6. Would you be willing to attend a monthly constitution training course from a well-known doctorate of constitutional studies university teacher as part of your ongoing job training as governor?

Yes, I would be willing and it should be required. All employment across the state requires ongoing learning and understanding of each job description. Being Governor, is no exception

7. What will you do about the rampant executive branch abuse of authority of enforcing rules that are not laws, under the color of law?

Depending on how long they have been in office, they will be treated like any other employee of this state; an at will employee. They will be warned, they will be cited; and if the behavior continues, they will be terminated from their employment despite the length of term left in their service. 
 
If any law is neither black nor white on whether it is for or against the people, it should and WILL always rule in favor of the people. It will continue to do so, until our legislative parties and lawmakers, establish laws that are not up for personal interpretation by attorneys, Law Enforcement or biased judgement. This will ensure that a judicial sentencing is equal, fair and just for all.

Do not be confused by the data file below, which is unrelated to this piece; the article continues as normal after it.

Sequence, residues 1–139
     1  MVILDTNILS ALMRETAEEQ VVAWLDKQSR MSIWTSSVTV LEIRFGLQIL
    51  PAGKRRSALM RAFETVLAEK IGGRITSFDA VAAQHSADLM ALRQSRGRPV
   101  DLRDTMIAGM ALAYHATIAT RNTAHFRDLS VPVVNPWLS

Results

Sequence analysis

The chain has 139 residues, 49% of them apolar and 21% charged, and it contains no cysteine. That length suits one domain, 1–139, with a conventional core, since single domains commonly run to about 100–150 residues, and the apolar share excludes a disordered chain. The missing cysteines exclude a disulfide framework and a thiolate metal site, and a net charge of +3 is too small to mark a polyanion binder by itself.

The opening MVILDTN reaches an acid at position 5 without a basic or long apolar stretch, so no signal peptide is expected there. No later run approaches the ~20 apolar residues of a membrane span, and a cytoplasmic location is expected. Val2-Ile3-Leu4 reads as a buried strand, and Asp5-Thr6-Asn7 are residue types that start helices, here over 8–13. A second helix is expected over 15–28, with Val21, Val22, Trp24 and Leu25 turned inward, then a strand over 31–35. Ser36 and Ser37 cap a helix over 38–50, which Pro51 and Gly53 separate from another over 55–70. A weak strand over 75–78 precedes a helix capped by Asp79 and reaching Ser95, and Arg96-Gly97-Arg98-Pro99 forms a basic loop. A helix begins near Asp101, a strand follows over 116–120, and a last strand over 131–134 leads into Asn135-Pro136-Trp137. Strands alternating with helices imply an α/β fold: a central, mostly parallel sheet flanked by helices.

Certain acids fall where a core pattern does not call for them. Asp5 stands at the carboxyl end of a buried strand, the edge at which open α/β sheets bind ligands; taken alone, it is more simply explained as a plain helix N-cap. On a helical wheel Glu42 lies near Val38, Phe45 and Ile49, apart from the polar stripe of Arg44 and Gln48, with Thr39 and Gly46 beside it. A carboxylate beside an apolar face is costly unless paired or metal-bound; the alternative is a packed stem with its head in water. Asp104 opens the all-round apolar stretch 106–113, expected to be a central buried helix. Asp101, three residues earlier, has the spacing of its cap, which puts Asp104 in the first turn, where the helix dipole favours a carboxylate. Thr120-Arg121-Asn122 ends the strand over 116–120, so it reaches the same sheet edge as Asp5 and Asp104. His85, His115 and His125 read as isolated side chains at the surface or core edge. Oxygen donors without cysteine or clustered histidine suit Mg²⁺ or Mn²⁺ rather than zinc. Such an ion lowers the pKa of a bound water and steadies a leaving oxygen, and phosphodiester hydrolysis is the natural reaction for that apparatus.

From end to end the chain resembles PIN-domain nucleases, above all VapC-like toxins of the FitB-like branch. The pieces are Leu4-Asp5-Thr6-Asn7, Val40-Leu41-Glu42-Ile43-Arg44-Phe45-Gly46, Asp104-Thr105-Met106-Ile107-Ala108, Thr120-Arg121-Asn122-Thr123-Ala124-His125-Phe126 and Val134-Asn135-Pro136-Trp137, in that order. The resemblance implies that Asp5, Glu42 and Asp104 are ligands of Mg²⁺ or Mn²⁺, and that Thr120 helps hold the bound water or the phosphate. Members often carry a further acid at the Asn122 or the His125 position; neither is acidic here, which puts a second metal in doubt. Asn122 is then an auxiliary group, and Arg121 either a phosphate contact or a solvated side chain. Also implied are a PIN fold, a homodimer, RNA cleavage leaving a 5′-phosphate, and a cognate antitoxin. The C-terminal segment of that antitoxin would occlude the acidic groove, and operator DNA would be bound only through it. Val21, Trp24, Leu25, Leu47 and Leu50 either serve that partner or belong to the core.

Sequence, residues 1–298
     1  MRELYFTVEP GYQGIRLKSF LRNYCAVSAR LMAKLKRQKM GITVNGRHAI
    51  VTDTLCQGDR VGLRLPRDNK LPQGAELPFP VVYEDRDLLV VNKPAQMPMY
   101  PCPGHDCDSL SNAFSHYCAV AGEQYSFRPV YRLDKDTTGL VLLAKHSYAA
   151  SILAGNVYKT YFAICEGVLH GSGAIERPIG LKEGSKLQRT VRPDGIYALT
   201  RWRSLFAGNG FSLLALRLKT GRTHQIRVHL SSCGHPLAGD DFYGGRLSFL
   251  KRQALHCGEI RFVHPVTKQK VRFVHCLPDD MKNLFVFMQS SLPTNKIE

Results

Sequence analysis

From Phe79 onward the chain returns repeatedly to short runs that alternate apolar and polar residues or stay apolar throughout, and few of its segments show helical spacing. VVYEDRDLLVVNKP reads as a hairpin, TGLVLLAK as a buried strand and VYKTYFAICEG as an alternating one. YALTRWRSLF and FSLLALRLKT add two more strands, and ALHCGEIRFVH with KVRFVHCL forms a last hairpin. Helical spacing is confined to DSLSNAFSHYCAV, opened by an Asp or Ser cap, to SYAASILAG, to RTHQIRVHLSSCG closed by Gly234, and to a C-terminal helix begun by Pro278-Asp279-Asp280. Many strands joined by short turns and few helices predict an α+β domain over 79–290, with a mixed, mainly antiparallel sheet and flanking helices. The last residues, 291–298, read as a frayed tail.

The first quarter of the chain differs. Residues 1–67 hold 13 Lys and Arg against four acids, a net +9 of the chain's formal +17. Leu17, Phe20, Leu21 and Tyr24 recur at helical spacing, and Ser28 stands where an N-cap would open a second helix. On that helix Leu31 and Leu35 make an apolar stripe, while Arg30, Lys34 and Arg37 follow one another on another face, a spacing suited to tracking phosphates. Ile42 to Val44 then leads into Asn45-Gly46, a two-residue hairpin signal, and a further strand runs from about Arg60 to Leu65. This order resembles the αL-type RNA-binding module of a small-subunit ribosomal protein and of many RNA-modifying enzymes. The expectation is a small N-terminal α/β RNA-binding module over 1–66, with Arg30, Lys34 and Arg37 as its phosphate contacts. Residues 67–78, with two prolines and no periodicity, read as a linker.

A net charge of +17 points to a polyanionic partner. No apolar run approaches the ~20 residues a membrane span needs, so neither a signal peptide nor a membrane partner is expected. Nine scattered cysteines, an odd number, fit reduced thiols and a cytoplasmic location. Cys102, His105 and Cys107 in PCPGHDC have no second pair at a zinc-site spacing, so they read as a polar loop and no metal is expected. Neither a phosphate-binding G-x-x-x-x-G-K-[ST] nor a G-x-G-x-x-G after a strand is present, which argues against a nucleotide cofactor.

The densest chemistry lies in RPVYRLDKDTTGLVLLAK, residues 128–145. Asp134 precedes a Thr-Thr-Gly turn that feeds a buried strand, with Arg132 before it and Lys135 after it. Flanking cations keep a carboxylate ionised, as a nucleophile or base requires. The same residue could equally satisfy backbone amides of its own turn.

8. If a local town or an individual chooses to ignore a law, state or federal, because they understand it to violate the constitutions, will you go out of your way to support them?

We would need to first investigate and understand why said town or individual feels that their constitutional right is being violated. A governor should not be hasty to side with either party. The claim of the town/individual that a violation of constitutional right is at play, needs to be based on what is widely accepted as the correct interpretation of that constitutional right. The Governor is not only a voice of the people, but a mediator of balance and tranquility within his governance.

9. Will you publicly announce that the claims of drought in Utah have be en fraudulent and that the great salt lake is not dying, but being used for lithium mining?

If after personal investigation into the matter proves the claim to be correct, then yes, I would make a public announcement revealing the truth of it all and correcting what has been wrong or hidden. The duty and obligation of the Governor is to the people first.

10. The Utah constitution’s free market clause is one of the most blatantly ignored sections. Will you take executive action, as authorized by your constitutional oath, to end the use of all public private partnerships in Utah?